James v. Com.

Decision Date02 August 1994
Docket NumberNo. 2173-92-4,2173-92-4
Citation446 S.E.2d 900,18 Va.App. 746
PartiesEdward Tyler JAMES v. COMMONWEALTH of Virginia. Record
CourtVirginia Court of Appeals

H. Elizabeth Shaffer, Asst. Atty. Gen. (Stephen D. Rosenthal, Atty. Gen., on brief), for appellee.

Before COLEMAN, FITZPATRICK, JJ., and DUFF, Senior Judge.


Edward Tyler James (appellant) appeals his bench trial conviction for driving under the influence of alcohol (DUI), second offense within five years, in violation of Code § 18.2-266. On appeal, he argues that the trial court erred by: (1) admitting into evidence appellant's prior DUI conviction which failed to show affirmatively that his plea of guilty was made knowingly and voluntarily; (2) admitting into evidence the results of a breathalyzer test; (3) limiting his cross-examination of the arresting officer's subjective intent; and (4) finding that the evidence was sufficient to convict. Finding no error, we affirm the conviction.


On December 21, 1991, at approximately 4:45 p.m., Trooper Dunlap of the Virginia State Police stopped appellant, who was driving a pickup truck on Route 287 in Loudoun County, after pacing appellant's vehicle at sixty-eight miles per hour in a fifty-five miles per hour zone. He also observed it tailgate another car and weave across the center line of the road several times.

Appellant had "very slurred" speech and a strong odor of alcohol about his person. Trooper Dunlap asked appellant to perform several field sobriety tests, which he failed. Appellant was arrested for driving under the influence of alcohol and advised of the implied consent law at the Loudoun County Jail. He requested and was given a breath test. The results of the breath alcohol test showed a blood alcohol concentration of .17 percent.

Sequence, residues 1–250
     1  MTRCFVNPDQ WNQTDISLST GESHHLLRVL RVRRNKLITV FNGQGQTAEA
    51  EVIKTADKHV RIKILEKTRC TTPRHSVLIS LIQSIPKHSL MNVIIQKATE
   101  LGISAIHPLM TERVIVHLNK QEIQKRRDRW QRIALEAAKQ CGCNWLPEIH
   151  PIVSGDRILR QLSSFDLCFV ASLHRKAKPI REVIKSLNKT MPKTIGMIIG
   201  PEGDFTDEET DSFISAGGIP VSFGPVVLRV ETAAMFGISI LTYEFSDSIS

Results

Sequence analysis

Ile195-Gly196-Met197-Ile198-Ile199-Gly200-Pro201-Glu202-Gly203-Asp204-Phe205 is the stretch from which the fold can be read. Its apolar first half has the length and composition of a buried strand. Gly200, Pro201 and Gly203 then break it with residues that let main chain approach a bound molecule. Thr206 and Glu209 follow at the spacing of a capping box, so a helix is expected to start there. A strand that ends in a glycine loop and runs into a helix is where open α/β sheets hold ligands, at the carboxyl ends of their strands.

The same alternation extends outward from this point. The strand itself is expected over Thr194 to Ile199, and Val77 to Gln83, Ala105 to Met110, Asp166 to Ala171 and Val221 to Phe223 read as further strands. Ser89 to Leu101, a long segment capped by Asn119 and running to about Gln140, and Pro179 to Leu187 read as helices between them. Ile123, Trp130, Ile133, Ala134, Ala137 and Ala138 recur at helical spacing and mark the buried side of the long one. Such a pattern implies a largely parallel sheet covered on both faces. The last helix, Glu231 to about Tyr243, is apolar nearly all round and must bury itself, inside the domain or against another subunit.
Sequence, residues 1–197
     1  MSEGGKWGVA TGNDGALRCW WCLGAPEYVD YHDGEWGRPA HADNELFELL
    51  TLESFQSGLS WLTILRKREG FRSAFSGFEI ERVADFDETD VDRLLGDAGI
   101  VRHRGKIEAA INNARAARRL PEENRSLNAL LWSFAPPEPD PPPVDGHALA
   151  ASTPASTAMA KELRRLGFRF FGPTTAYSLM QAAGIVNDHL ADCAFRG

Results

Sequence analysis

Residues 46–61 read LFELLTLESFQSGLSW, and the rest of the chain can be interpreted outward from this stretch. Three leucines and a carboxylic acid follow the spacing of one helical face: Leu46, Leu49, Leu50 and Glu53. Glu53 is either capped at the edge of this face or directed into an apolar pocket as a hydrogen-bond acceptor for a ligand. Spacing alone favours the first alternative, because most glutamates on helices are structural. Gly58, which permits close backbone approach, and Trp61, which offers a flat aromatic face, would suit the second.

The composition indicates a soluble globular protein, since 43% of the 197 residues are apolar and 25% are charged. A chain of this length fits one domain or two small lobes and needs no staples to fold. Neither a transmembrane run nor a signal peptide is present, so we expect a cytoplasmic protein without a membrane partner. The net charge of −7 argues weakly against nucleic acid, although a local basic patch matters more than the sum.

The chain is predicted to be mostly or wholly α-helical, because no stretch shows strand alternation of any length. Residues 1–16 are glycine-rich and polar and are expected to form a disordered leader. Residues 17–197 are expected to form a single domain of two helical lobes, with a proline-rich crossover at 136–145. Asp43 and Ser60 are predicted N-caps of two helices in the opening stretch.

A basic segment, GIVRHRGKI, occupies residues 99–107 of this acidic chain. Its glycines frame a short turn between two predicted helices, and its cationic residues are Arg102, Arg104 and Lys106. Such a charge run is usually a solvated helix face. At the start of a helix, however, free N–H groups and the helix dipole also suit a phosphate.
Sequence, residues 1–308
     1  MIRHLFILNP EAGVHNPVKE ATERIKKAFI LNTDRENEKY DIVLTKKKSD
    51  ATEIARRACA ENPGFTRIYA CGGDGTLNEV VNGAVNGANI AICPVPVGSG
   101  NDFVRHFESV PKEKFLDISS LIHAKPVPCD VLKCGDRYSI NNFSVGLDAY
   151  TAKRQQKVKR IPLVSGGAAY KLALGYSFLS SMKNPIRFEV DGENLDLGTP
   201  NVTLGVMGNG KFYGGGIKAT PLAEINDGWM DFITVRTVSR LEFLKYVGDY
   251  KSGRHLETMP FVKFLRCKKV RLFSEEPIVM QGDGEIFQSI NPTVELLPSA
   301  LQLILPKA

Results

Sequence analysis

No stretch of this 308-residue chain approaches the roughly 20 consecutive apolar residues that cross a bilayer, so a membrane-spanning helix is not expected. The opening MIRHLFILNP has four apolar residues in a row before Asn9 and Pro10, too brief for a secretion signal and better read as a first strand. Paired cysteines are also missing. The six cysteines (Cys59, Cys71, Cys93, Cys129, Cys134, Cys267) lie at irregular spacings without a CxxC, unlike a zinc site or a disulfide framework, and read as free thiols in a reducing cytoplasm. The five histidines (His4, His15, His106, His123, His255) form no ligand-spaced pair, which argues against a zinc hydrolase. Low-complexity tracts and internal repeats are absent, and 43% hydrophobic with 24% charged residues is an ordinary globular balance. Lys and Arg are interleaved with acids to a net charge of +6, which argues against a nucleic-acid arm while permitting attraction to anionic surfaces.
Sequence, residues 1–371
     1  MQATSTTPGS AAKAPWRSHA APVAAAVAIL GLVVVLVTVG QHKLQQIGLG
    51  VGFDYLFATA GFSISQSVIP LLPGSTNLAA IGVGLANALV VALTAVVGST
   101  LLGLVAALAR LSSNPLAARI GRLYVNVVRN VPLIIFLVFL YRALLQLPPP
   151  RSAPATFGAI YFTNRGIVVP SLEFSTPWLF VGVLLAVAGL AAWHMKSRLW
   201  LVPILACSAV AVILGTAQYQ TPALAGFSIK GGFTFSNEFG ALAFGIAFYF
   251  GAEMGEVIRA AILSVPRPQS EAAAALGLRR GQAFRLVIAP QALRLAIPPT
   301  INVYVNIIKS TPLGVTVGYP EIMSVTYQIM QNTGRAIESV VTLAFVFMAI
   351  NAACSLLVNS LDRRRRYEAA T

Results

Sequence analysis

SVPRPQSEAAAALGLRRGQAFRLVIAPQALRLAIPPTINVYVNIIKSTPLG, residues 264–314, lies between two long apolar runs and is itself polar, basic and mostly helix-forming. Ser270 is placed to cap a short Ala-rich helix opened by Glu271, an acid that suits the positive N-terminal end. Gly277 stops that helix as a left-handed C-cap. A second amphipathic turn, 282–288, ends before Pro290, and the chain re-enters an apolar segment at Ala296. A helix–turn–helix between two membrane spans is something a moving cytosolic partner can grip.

At trial, appellant objected to the admission into evidence of his 1989 DUI conviction because the record failed to show affirmatively that his guilty plea was given intelligently and voluntarily. The certified copy of appellant's 1989 conviction shows that he was represented by counsel at trial and that he pled guilty to the amended (lesser included) offense of DUI--first offense.

Appellant also objected to the admission of the certificate of breath analysis because Trooper Dunlap allegedly failed to comply with certain procedures prescribed in the "Breath Alcohol Operator Training Manual." In addition, appellant attempted to introduce evidence of Trooper Dunlap's subjective intent and state of mind on the issues of probable cause for the initial stop and arrest, and the timing of taking appellant into custody. The trial court sustained the Commonwealth's relevancy objection to this line of questioning.


Appellant argues that the trial court erred in admitting evidence of his prior conviction for DUI because the Commonwealth failed to prove that he knowingly and intelligently waived his constitutional rights regarding his prior plea of guilty. See Boykin v. Alabama, 395 U.S. 238, 242, 89 S.Ct. 1709, 1711, 23 L.Ed.2d 274 (1969). We disagree.

Code § 18.2-270 establishes the penalties for violations of Code § 18.2-266 and provides for the enhanced punishment of second-time DUI offenders. The Supreme Court of the United States has recently reaffirmed the use of prior convictions for sentencing enhancement purposes, holding as follows:

[An] uncounseled conviction valid under [Scott v. Illinois, 440 U.S. 367, 99 S.Ct. 1158, 59 L.Ed.2d 383 (1979) ] may be relied upon to enhance the sentence for a subsequent offense, even though that sentence entails imprisonment. Enhancement statutes, whether in the nature of criminal history provisions such as those contained in the Sentencing Guidelines, or recidivist statutes which are common place in state criminal laws, do not change the penalty imposed for the earlier conviction.

Nichols v. United States, 511 U.S. 738, 114 S.Ct. 1921, 128 L.Ed.2d 745 (1994) (overruling Baldasar v. Illinois, 446 U.S. 222, 100 S.Ct. 1585, 64 L.Ed.2d 169 (1980)). Further, Nichols held that due process does not require "a misdemeanor defendant to be warned that his conviction might be used for enhancement purposes should the defendant later be convicted of another crime." Id. 511 U.S. at ----, 114 S.Ct. at 1928.

Appellant challenges the admissibility of his 1989 conviction solely because the warrant form failed to indicate that his plea of guilty was knowing and voluntary. Boykin requires that before a trial court may accept a criminal defendant's guilty plea there must be an affirmative showing that the plea was intelligently and voluntarily made. Boykin, 395 U.S. at 242, 89 S.Ct. at 1711. On direct appeal, no waiver of constitutional rights will be presumed and a silent record cannot be considered a waiver. See generally McCarthy v. United States, 394 U.S. 459, 89 S.Ct. 1166, 22 L.Ed.2d 418 (1969).